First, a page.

The Oh-So-Typical Fantasy Story

Chapter Three

Needles to say, The Duke immediately marched Hyacinth-Anne-Marie back to the stable, where there horses had been sheltered during their tour. The unfortunate salesman came behind them, wringing his long-nailed hands and bubbling with apology.

Please, your grace," he was saying to the Duke, talking even faster than normal, "I'm terribly sorry about that. If you would like to have some tea to calm down, I will serve you some in my office." He was begging now, but the Duke would not be convinced.

"No, thank you," he said regally, accepting the reins of his horse from the stable boy, "I think I shall be taking my daughter home now."

"I have some lovely little cakes too, sir," The salesman pleaded, "And I assure you that the boy will be fired immediately. It was a mistake you hire such a riffraff."

"That won't be necessary," the Duke replied, the very picture of grace, "The boy should not be blamed for my daughter's sins." He glanced at Anne out of the corner of his eye. She cringed slightly and smiled apologetically at him, "Show some mercy towards him, will you?" The salesman stared for a moment, blinking confusedly.

"Oh!" he said, "Mercy, yes. Of course." But Anne had the feeling that he would be heading towards his office to look up the word the second they were gone. The duke swung himself up onto his horse. Anne did the same.

"Well, then, your grace," the salesman continued, "When should I be expecting you back?" He smiled.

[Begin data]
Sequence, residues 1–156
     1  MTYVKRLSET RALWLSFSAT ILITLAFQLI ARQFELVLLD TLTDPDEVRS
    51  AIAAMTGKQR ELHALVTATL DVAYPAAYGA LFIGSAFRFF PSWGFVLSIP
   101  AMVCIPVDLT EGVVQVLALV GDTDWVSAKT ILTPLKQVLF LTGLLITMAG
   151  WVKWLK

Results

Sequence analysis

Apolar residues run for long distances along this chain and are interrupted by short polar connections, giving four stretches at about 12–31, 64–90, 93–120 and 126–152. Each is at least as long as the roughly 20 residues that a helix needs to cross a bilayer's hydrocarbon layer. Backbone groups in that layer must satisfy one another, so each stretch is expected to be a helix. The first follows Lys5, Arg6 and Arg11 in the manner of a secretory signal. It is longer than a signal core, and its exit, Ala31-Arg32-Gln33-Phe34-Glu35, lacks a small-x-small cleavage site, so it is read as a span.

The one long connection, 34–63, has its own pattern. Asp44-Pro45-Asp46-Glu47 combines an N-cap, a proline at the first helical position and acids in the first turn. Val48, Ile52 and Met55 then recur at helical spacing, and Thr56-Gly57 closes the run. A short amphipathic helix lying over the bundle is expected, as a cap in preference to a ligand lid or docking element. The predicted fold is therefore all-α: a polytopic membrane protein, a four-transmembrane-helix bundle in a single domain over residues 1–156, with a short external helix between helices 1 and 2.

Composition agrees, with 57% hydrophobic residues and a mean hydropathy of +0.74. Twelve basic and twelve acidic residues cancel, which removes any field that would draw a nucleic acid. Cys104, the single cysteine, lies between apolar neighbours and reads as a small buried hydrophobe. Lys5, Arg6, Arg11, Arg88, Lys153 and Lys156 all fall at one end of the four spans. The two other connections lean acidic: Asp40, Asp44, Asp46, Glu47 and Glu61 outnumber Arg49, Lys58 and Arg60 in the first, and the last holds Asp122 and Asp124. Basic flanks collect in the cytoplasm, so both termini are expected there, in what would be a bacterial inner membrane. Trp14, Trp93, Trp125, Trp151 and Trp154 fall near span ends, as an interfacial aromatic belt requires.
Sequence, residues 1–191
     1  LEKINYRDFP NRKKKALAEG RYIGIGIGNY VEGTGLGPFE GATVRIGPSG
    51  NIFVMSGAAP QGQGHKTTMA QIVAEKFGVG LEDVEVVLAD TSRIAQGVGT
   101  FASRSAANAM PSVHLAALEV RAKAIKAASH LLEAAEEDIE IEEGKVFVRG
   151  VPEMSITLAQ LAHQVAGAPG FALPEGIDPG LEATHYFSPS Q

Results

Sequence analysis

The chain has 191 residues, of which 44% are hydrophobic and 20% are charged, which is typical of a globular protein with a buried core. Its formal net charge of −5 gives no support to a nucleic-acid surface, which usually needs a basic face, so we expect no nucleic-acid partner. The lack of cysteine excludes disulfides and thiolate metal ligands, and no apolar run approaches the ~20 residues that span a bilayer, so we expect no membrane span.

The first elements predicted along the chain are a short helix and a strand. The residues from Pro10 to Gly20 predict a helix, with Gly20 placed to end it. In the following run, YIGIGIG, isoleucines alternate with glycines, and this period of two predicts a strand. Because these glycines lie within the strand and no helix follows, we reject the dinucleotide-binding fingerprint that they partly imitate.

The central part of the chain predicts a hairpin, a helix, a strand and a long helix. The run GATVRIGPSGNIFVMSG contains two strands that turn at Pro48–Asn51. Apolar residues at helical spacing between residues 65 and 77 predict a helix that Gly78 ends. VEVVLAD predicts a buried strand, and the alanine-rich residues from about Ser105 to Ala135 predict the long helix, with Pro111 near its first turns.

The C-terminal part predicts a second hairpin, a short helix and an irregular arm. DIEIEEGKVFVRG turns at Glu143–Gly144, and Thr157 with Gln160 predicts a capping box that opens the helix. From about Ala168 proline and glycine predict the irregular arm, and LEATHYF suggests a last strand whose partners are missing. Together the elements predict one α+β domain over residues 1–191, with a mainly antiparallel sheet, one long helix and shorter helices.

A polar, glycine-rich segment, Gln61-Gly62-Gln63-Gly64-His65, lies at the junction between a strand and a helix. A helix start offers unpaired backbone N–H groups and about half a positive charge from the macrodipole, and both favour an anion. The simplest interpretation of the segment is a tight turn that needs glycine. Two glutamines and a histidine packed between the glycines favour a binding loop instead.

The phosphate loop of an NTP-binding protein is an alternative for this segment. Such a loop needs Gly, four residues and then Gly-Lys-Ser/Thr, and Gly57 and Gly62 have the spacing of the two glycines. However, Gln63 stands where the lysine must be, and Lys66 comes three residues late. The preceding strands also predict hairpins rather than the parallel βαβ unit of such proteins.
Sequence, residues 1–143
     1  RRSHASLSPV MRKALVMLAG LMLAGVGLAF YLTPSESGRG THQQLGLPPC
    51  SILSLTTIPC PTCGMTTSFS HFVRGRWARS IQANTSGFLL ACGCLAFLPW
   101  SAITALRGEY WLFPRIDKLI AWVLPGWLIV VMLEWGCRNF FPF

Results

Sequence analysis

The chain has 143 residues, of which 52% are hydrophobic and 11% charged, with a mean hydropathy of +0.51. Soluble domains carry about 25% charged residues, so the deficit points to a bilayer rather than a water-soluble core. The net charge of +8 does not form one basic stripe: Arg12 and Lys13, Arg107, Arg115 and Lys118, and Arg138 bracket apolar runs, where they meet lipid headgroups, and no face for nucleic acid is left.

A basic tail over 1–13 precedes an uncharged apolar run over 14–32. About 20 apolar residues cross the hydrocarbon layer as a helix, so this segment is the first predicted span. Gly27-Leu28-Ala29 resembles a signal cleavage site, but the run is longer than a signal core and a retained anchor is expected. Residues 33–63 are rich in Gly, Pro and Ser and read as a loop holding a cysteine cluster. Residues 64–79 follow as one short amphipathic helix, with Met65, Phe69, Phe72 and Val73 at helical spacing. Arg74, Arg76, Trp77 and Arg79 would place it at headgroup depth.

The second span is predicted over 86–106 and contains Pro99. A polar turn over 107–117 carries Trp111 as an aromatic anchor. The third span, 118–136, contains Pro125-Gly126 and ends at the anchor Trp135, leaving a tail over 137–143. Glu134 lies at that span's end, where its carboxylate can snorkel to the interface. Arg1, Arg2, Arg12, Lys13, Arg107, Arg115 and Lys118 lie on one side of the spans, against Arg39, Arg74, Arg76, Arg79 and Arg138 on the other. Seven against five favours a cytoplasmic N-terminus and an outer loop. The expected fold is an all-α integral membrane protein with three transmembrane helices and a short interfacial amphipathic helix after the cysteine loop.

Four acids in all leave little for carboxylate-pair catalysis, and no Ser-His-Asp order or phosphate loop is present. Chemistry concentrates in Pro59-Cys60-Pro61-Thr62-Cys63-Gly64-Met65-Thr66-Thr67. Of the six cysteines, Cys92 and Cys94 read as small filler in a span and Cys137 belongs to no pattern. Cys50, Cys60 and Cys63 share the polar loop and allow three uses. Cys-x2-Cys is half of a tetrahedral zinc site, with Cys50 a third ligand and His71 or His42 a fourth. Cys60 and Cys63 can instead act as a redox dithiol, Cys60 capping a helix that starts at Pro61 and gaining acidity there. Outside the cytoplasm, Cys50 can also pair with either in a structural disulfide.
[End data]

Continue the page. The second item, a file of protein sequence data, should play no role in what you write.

"You shouldn't," the Duke replied icily. The salesman smiled again, continuing blatantly on.

"Oh," he sad, nodding and smiling, "Alright. That would be…" he stopped abruptly, "What?" His mouth hung open, making him look like a large fish.

"You shan't expect me back," the Duke replied, "For I shall not be coming." The duke shook the reigns lightly, clicking with his tongue. "Come, Hyacinth-Anne-Marie," he said, trotting out of the stable. The salesman stared after them, gaping.

"Ah, man," Charlie said, coming up behind his employer, "That's rotten luck." He was grinning broadly. The salesman glared at him.

"That was entirely your fault," he said accusingly.

"Not really," the nonchalant youth replied, "She could have pushed me away when I tried to kiss her. Um, I mean..." He blushed, realizing his mistake.

"YOU tried to kiss her!" The salesman cried, "You started it?!"

"Well," Charlie said, rubbing the back of his neck, "I suppose so, yah." He dropped the hand and sighed. "But look at her," he said, motioning dreamily at the steadily disappearing cloud of dust, "Wouldn't you?"

"Yes," replied the salesman, equally wistful, "I would. I mean…" He cut himself off at Charlie's laugh, turning bright red. "Go back to your dragons, boy!"

"Don't be mad," Charlie called as he walked away, "Keep on dreaming. You don't have a chance, though." He disappeared into the trees with the salesman's growl following him.